So my previous post was about me deciding to live my life like it was my last night on Earth. We went out to a small neighborhood restaurant/bar near where my husband grew up. We met up with the bass player’s wife and hung out with her while the band played. My husband saw a number of other friends he knew there as well.
We hung out with another couple that are very good friends also. There was a lot of laughter, good food, good music, good friends. So much GOOD. We shared triumphs and sorrows. We caught up on each others’ lives. We applauded a lot because they are a talented group of players.
Through all this I did not think about what I had to do tomorrow. I didn’t remember attitudes of unkindness I had experienced. I was focused solely on my friends, enjoying their company. Laughing, smiling, talking, telling jokes. Right there in the moment where everything came together. I made eye contact. I paid attention and listened more, as if I might never hear their voices again. I drank in their faces and features. Saw the inner beauty of each, fully flawed and fully perfect. I heard the tones and qualities of their voices. Relished the way their faces would light up in spontaneous joy at a shared witticism. I saw them as the treasures they are. I spent time with very dear friends, and my incredible husband. Keeping the framework of “what if” it were my last night on the planet. Well, if it was… I wanted to remember it as a beautiful thing. I sought to bask in the glow of the power of now. It was everything I dreamed and more.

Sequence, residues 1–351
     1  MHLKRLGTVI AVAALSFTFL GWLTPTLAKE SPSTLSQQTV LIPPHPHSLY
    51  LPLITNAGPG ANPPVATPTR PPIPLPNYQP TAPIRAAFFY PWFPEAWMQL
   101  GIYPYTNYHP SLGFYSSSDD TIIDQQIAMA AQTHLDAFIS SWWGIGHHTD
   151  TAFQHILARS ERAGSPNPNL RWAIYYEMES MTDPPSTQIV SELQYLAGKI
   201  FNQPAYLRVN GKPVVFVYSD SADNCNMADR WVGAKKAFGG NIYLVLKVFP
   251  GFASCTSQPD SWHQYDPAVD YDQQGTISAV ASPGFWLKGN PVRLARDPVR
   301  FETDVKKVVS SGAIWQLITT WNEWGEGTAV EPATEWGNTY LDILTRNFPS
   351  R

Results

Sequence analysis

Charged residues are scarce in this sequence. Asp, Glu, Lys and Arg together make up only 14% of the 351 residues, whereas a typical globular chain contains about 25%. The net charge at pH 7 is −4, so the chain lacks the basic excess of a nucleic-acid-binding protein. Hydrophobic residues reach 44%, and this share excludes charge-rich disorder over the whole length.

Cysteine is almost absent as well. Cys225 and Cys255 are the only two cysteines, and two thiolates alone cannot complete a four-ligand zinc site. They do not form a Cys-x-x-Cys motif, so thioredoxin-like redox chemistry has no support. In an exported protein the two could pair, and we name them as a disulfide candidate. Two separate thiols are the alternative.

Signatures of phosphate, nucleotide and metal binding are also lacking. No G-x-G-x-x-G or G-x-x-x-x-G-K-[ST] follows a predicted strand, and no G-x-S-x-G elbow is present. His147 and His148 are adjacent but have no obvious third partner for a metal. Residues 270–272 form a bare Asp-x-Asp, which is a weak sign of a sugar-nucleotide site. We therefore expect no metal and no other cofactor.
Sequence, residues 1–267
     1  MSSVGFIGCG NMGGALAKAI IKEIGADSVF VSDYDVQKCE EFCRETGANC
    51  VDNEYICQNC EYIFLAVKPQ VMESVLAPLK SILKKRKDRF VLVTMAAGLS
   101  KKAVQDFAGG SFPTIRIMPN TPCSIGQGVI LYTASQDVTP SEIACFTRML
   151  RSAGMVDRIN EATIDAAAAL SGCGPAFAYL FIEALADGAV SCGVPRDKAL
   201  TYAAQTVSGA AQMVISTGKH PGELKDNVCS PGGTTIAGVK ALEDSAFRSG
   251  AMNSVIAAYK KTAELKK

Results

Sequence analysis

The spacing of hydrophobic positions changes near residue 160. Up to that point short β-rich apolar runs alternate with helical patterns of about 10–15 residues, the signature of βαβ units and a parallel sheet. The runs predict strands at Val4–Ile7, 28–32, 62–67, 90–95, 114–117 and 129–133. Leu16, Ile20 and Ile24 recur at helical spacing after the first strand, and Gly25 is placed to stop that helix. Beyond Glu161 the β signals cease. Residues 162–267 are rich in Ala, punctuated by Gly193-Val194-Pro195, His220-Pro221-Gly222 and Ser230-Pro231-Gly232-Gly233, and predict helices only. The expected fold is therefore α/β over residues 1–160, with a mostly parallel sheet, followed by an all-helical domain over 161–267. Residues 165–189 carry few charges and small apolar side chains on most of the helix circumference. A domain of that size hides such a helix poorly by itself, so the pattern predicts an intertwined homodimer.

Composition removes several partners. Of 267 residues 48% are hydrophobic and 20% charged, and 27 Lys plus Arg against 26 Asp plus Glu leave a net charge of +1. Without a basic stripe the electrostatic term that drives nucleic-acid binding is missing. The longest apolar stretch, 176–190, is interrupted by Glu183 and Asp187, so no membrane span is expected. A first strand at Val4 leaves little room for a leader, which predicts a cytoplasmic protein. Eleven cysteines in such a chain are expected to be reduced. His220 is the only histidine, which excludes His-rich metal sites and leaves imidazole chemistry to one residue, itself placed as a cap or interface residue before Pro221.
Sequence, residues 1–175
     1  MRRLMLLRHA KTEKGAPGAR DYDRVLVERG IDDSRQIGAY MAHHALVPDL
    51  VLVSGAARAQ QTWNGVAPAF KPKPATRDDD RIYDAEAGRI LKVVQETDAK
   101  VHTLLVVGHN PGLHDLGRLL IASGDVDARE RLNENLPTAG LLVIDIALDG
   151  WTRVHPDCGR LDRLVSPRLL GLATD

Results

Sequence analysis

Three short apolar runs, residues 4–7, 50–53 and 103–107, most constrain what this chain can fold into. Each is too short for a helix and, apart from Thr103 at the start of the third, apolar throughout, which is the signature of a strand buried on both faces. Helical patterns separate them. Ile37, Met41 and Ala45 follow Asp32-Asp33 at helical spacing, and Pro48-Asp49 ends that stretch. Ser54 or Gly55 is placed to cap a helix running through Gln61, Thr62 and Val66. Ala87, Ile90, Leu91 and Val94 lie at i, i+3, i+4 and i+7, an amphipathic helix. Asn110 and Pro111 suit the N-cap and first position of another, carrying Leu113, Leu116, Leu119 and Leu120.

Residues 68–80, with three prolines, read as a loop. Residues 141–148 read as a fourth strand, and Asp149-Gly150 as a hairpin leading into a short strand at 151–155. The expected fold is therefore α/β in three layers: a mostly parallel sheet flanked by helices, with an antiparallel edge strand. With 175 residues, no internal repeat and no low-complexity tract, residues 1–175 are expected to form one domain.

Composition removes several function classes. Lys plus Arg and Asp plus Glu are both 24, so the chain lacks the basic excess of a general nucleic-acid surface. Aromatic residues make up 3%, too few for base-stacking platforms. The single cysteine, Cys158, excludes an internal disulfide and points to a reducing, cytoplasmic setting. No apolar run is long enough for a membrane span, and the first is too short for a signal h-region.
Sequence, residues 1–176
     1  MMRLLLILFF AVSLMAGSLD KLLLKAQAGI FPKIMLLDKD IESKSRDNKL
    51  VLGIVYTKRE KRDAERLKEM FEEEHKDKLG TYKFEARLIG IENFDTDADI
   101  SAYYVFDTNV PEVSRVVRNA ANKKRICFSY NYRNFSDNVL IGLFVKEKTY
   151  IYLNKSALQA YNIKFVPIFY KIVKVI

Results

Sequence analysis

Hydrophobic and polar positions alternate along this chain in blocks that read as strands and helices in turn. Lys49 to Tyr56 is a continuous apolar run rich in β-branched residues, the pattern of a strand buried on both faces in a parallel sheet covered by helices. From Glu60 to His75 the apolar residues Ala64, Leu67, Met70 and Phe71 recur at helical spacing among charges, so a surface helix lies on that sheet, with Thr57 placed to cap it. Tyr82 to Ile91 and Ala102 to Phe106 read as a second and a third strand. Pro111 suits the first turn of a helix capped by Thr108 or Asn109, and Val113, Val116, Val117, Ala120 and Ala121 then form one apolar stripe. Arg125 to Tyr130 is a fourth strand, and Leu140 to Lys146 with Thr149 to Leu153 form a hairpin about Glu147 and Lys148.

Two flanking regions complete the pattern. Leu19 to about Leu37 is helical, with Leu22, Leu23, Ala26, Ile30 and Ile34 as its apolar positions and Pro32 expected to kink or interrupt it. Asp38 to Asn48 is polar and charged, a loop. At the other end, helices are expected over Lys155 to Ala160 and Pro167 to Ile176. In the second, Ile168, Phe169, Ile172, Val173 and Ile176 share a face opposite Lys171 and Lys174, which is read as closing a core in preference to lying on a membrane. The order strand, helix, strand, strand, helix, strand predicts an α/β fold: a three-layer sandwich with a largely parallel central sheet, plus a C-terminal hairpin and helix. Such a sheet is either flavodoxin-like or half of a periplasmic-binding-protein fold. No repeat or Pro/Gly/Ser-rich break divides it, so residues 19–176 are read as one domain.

All this because a simple thought crossed my mind. The “what if” possibility of a final chance at letting distractions fall away, of removing my to do list, of waving off my perceived sorrows. Because if I wasn’t here tomorrow, then none of that would matter. What mattered was right in front of me. Loved ones, dear friends, family and the handful of hours we spent together.
I loved the feeling of seeing what was right in front of me, rather than what was dancing in my head , waving flags and pointing to fragments of life vying for my attention. It was a joyous thing to have spent that time with those fabulous human beings. So very intriguing as to why the thought crossed my mind. And then, a few days later I realized something that riveted me in place. Surely not. But yes… it was a truth and I was dumbfounded that I had let it slip by. I never forget dates… never. But this time I had…
October 20 was the night I went out and lived in the moment. The realization of what that day represents hit me like a ton of bricks and the irony floored me. You see, the date of October 20th is the day that my father died in 1987. More on that tomorrow….